Hill F-35s

An F-35A Lightning II from the 4th Fighter Squadron prepares to depart on a training sortie Aug. 8, 2018, at Hill Air Force Base.

HILL AIR FORCE BASE — F-35s were grounded for the second time in their three-year history at Hill Air Force Base last week, but officials say the action was purely cautionary and all jets have already returned to the skies.

In an email, 388th Fighter Wing spokesman Micah Garbarino said the Air Force ordered a “temporary pause in flight operations” for all F-35A Lightning II aircraft on Oct. 11. Garbarino said the halt in flight activity was done as a precaution and to allow all aircraft to go through a mandatory inspection that was requested by the F-35s Joint Program Office at the Pentagon.

According to a statement from the JPO, all U.S. Services and international partners temporarily suspended F-35 flights while the enterprise conducted a fleet-wide inspection of fuel tubes inside the engines of all active aircraft.

The JPO statement said the inspections were driven by initial data from the ongoing investigation of the F-35B that crashed in South Carolina on Sept. 28. A Department of Defense aircraft mishap board is still working on the investigation and the U.S. Marine Corps will provide more information when it becomes available.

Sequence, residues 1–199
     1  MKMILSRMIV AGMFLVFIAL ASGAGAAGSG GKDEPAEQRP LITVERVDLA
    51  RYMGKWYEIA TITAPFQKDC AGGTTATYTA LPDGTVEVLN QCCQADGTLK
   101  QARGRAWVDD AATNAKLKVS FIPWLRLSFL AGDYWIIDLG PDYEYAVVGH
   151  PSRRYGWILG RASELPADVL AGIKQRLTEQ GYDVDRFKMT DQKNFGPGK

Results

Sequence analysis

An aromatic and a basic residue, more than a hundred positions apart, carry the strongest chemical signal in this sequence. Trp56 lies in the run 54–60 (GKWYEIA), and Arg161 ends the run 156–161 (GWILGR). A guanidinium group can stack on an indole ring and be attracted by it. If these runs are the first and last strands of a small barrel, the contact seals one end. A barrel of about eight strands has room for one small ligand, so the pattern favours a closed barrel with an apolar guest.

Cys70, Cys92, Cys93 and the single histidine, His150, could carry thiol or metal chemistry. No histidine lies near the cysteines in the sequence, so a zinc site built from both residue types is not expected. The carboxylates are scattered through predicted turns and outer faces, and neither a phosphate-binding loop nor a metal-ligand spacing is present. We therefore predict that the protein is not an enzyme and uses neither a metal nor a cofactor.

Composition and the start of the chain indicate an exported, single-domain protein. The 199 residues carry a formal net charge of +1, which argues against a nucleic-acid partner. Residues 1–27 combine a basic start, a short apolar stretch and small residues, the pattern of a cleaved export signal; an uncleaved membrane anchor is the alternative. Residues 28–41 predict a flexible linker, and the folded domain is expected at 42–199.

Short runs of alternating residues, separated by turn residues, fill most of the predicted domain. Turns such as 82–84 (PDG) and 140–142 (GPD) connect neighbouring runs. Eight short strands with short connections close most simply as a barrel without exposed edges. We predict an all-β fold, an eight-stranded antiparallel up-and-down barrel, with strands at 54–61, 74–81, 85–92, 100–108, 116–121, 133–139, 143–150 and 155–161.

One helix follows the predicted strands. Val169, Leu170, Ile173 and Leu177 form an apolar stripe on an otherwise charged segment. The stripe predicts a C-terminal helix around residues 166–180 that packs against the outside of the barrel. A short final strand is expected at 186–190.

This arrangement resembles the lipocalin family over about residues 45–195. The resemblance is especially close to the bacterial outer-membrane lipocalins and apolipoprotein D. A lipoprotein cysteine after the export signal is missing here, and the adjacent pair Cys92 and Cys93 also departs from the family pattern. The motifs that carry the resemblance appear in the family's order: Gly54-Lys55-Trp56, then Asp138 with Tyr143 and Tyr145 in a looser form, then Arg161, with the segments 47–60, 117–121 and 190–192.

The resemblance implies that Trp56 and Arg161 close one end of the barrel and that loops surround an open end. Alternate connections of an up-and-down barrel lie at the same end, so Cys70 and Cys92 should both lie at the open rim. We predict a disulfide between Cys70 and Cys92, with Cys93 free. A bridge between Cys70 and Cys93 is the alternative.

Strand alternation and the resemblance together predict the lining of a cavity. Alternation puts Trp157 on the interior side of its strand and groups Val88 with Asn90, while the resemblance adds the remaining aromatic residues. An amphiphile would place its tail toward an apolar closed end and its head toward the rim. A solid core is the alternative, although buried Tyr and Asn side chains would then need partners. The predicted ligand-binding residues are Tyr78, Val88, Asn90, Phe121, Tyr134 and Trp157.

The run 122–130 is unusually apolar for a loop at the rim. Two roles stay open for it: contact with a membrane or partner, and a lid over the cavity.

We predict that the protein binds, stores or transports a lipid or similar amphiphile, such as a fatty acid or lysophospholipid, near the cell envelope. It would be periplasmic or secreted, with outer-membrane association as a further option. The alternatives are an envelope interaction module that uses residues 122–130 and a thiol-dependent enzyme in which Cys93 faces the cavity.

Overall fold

“The primary goal following any mishap is the prevention of future incidents,” the JPO statement says. “We will take every measure to ensure safe operations.”

As part of the inspection process, F-35s maintenance crews removed and replaced faulty fuel tubes. Garbarino said maintainers at the 388th FW completed their inspections the same day flights were suspended and resumed flying operations later that afternoon.

Last week’s grounding was the second time Hill F-35 flights have been suspended as a result of a fuel related problem.

In late 2016, the Air Force grounded 13 operational F-35As (including 10 jets at Hill) after crews on base discovered peeling and crumbling of the avionic cooling line insulation inside one of the F-35’s fuel tanks. A total of 57 F-35s were impacted by the 2016 problem. Hill’s jets went back into the air a little more than a month after the issue was first detected.

Hill’s Ogden Air Logistics Complex performs maintenance on all Air Force F-35s. The base’s two fighter wings fly the agency’s first operational fleet of the fighter jets. The first two arrived in late 2015 and Hill will continue to receive regular shipments of the jet until 2019, when 78 planes will fill three operational fighter squadrons.

You can reach reporter Mitch Shaw at mshaw@standard.net. Follow him on Twitter at @mitchshaw23 or like him on Facebook at facebook.com/mitchshaw.standardexaminer.

See what people are talking about at The Community Table!